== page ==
The motives of the man who attacked an LGBTQ bar in Colorado Springs, killing at least five patrons and wounding 18 others, were not yet established by law enforcement when a familiar impulse overtook the commentariat. We cannot blame mass violence on only the violent, a growing chorus insists. Whole sectors of society are to blame. Understandably aggrieved, those maligned sectors of society rebel against this narrative, casting their own aspersions on their political opponents. This cycle has become so common it would be banal if it weren’t also so ghoulish.

If there’s anything distinctive about this particular cycle, it’s that the sordid impulse to blame your political adversaries for the machinations of an addled mind has been ornamented with pseudo-academic language. In one polysyllabic stroke, the passive experience of “radicalization” has become the deliberate result of an active conspiracy. They call it “stochastic terrorism.”

Writing in the secularist magazine Only Sky, M. L. Clark defines the phenomenon as a means by which the seemingly random and inexplicable might be explained by “preceding factors” subject to the divination of the properly initiated (a secular approach to the subject if there ever was one). She notes that the term was popularized in this context after Sarah Palin allegedly inspired a schizophrenic to attempt the murder of Congresswoman Gabriel Giffords. Somehow, the concept’s credibility survived its origin story.

The American right, broadly, owns the bloodshed in Colorado because it occurred against the backdrop of a political culture that supposedly tolerates “eliminationist rhetoric.” When the far right experiences no social penalty for “demonizing and dehumanizing” LGBTQ activists, it legitimizes violent expressions of bigotry,” writes Daily Kos staff writer David Neiwert. “This is exactly how stochastic terrorism works.”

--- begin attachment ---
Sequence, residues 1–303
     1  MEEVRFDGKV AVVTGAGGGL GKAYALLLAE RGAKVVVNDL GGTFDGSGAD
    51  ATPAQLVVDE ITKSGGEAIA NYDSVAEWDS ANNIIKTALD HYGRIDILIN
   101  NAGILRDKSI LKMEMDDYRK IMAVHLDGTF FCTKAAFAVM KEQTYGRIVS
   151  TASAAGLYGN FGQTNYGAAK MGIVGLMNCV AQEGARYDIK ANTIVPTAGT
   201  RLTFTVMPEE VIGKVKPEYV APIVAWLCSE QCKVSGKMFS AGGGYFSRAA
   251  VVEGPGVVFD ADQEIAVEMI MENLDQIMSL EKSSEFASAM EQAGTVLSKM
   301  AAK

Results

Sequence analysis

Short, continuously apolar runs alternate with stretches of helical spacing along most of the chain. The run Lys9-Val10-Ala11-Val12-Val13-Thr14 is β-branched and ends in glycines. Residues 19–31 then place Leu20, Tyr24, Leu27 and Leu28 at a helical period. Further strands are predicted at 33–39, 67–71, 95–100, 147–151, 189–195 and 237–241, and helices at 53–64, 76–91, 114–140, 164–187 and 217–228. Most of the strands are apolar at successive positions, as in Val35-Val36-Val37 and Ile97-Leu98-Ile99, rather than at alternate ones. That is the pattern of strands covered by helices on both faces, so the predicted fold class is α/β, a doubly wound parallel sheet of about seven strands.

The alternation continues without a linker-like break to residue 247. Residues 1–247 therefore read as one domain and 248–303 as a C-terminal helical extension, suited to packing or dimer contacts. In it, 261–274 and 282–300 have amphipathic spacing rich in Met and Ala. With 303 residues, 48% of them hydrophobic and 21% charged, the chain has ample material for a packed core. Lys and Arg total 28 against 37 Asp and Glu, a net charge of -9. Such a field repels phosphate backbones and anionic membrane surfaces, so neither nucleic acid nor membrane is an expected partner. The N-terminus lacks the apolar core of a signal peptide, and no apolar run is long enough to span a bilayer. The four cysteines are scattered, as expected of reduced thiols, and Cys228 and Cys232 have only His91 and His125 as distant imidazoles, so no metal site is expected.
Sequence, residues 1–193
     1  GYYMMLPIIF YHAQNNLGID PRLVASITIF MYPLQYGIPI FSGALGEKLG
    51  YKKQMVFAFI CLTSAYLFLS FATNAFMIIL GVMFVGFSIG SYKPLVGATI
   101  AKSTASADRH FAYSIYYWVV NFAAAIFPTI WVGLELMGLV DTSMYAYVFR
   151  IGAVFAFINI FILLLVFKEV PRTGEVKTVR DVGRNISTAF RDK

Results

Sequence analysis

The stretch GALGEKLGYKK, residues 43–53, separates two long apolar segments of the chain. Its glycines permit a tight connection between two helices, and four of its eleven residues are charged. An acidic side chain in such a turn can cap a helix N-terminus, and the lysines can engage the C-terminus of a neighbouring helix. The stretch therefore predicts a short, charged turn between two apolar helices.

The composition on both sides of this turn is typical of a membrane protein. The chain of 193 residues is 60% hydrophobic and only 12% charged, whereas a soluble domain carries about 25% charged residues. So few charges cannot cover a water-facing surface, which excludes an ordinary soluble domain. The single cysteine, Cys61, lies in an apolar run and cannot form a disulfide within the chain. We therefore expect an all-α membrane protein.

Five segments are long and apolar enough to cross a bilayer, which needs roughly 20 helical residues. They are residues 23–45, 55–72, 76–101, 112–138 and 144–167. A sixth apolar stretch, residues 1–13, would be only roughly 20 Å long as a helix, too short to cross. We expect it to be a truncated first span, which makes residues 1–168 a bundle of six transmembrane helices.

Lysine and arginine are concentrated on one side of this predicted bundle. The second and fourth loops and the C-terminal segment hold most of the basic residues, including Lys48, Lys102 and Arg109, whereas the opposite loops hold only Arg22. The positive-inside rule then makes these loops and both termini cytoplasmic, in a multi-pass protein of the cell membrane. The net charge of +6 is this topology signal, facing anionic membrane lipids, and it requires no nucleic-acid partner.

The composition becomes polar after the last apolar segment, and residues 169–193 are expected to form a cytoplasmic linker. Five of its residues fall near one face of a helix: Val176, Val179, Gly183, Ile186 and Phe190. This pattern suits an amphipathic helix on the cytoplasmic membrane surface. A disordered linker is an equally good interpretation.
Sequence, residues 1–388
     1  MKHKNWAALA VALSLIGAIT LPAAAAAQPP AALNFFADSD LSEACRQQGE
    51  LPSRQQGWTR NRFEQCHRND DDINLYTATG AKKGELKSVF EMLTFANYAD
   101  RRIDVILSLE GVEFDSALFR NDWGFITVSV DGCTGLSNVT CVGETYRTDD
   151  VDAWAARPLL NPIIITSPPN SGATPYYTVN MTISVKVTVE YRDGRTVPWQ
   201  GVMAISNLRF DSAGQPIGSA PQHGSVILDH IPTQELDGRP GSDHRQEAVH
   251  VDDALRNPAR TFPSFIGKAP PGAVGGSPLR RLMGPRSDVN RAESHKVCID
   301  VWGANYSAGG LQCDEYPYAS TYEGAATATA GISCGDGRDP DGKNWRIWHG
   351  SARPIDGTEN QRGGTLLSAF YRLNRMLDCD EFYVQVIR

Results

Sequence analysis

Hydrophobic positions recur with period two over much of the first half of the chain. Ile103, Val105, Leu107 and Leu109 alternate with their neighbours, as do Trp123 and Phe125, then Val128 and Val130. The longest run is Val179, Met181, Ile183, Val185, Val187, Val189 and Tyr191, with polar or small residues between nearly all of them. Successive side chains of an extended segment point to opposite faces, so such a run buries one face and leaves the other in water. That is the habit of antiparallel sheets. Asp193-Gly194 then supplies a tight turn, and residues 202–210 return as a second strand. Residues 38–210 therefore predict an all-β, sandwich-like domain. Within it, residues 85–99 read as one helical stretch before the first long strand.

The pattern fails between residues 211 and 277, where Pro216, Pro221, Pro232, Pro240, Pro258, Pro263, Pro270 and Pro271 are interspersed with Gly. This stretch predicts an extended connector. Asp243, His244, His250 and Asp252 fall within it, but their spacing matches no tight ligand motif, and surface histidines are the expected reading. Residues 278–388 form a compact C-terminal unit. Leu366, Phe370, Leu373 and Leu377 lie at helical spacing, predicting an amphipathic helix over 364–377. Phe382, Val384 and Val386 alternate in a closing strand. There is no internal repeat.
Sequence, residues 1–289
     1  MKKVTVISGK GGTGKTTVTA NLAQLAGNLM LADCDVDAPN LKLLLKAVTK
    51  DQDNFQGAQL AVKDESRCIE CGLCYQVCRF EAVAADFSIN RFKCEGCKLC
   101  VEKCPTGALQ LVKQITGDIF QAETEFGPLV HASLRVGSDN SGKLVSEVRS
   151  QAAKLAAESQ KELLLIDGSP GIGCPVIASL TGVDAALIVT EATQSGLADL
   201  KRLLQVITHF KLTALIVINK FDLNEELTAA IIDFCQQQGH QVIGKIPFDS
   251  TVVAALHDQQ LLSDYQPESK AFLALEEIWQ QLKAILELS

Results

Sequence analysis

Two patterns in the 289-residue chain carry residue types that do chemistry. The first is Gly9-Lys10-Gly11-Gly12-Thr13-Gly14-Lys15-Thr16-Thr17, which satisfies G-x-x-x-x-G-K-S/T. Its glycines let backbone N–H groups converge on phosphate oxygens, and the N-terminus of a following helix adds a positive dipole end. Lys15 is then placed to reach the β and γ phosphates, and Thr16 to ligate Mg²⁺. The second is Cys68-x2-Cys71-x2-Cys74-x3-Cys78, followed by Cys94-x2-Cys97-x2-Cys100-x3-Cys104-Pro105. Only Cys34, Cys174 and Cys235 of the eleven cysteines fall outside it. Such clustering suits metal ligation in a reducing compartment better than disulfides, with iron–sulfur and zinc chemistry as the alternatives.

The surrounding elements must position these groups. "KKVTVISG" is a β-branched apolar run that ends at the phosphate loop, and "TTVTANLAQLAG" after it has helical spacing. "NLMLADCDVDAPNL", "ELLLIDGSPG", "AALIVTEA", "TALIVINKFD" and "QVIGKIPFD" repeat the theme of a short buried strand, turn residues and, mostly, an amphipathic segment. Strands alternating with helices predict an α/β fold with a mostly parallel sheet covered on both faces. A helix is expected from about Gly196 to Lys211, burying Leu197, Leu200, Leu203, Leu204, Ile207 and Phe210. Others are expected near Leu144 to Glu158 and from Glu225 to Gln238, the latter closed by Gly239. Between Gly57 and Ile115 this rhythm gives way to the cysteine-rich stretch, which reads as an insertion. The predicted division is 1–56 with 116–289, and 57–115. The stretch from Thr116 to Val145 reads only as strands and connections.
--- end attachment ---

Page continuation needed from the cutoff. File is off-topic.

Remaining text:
The phrase was laundered into respectable discourse following the attack on Paul Pelosi. Citing “terrorism and extremism experts,” Reuters implied—and implication is all that is on offer—that the violent acts of “unstable individuals” such as Pelosi’s assailant can be triggered by irresponsible speech, “so-called stochastic terrorism.” Rep. Alexandria Ocasio-Cortez unraveled the phenomenon by making it about herself. “This is like what stochastic terrorism is,” she said of the harassment she receives from Fox News Channel viewers. “When you use a very large platform to turn up the temperature and target an individual until something happens.”

Ocasio-Cortez blamed Fox’s Tucker Carlson “specifically” for acts of political violence. In Scientific American, the author Bryn Nelson agreed. The idea is that figures like Carlson and the Manhattan Institute’s Christopher Rufo, among others, invite acts of terroristic acts by agitating their audiences against the sexualized content that is being made available to children in the name of inclusivity. “What can stop stochastic terrorism and break the cycle of disgust-fueled vilification, threats, and violence?” Nelson asks. “Turning off the source of fuel is a start.”

Thus, we are at long last treated to the utility of this concept. Of course, no one is calling for something as crass as the outright censorship of unpopular speech (the only speech that is ever threatened). But appealing to the right’s better angels is now deemed a waste of time. Where advocating prudence and responsibility in the discourse failed, reconceptualizing speech policing as the preservation of domestic security might succeed.